Working in the gloom The horse so far

So what’s left? I’d like to leave the head and neck till last, so the front legs first; they have a fair bit of work in them. I have quite a lot of copper passing left from the kit so I may put that in instead of the copper S-ing along the knee and foot. The angles of the leg are such that the S-ing looks a bit awkward there in the model photograph we were given, and rather loses its stem stitch look. We’ll see what suggests itself once I get to that point!

The model's front leg

A book, a horse, and a lobster’s claw

Although my summer stitching will be more goldwork (I’d tell you more but it’s a secret for now…), for the Certificate I’ve moved on to Canvaswork, and before we break up for the summer I have one class to get it all set up. Last time Angela advised me to get Jo Christensen’s Needlepoint Book and being a dutiful student of course I did smiley. It arrived just before we went away for a short break (by the sea, lovely!) so I’ve only read a little of it so far, but it looks a very informative book.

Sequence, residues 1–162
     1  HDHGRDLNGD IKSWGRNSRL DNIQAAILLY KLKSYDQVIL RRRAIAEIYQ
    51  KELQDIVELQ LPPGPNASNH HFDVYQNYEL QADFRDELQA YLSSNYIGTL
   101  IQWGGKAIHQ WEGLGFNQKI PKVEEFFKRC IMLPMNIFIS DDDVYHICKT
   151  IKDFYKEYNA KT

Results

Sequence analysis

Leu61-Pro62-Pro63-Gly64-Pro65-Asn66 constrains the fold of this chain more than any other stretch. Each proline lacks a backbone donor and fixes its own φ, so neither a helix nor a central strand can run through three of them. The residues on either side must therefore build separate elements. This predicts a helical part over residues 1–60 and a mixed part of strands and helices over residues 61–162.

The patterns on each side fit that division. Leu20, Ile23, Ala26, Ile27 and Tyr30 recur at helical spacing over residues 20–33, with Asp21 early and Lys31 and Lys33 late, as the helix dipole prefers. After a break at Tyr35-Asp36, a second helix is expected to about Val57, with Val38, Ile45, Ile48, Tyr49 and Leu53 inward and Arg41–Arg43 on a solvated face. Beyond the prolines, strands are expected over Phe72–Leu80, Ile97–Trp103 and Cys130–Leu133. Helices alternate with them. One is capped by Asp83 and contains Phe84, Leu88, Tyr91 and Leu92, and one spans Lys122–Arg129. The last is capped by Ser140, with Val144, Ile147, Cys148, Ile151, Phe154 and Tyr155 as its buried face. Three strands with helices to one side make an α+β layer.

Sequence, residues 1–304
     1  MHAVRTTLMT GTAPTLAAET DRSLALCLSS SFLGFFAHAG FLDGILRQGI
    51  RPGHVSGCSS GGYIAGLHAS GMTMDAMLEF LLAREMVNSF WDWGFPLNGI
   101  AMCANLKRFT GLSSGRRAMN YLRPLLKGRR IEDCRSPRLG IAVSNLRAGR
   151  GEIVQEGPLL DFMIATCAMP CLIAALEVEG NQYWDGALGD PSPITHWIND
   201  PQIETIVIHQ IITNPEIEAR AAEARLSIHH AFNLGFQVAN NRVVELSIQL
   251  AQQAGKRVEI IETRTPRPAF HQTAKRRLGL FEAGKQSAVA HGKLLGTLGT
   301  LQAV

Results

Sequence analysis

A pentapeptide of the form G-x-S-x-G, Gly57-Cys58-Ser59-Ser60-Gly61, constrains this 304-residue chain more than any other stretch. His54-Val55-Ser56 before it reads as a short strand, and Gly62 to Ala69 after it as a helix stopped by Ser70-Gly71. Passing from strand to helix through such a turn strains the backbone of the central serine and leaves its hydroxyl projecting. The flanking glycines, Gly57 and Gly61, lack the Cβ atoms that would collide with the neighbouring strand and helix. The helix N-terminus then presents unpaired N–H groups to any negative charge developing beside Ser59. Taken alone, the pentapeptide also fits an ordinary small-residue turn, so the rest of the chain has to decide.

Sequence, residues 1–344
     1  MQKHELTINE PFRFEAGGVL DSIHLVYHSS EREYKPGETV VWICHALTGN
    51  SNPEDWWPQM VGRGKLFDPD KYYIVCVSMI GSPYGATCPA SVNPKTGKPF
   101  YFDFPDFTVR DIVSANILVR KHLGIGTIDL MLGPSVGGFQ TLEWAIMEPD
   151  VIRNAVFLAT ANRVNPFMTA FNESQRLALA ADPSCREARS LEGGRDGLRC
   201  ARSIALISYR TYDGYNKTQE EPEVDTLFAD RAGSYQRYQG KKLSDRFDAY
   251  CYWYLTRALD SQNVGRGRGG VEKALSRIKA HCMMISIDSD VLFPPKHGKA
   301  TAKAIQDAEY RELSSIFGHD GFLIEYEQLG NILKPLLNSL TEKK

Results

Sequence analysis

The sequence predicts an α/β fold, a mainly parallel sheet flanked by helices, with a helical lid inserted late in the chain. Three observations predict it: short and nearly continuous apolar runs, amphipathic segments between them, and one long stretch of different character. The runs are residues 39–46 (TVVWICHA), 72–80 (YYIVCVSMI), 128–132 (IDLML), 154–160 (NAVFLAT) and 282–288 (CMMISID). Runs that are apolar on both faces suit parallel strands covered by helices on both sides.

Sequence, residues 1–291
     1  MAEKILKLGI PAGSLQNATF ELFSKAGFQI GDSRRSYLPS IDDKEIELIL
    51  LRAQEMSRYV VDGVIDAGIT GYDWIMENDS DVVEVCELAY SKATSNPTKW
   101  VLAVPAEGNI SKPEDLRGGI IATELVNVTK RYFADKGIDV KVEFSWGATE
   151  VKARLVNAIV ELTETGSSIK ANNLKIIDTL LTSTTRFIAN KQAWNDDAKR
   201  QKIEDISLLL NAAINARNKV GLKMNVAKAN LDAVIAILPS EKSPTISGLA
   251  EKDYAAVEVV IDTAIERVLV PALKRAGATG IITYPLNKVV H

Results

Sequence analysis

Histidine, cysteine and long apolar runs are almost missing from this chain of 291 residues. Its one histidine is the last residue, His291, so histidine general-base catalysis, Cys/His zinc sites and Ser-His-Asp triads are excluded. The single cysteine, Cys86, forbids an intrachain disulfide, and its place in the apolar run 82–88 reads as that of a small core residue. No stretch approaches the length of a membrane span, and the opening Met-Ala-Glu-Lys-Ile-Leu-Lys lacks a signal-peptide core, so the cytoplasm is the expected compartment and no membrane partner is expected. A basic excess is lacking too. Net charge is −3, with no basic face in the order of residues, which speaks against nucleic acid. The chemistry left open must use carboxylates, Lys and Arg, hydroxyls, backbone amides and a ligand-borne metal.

Jo Christensen's Needlepoint Book

I’ve also been doing some sampling, on a piece of 18TPI canvas I found in my stash. I have no idea why I had it, and I have no recollection of buying it – it may well have come from one of those occasions where someone hands me several bags of odds and ends because they want their mother’s/aunt’s/grandmother’s/great-aunt’s embroidery things to go to a Good Home. However I got it, it’s coming in useful now! Among the things I inherited from my mother-in-law there is a stitch guide with some very useful pictures of canvaswork stitches, and in fact it showed a better way of “slotting together” Dutch stitch (which for obvious reasons appeals to me and which I hope to be able to use in my Certificate piece) to cover the canvas more completely – the importance of which is strongly stressed in the Brief. It also reminded me of Victorian tufted stitch. I doubt I’ll have opportunity to use it, but it was fun to have a go.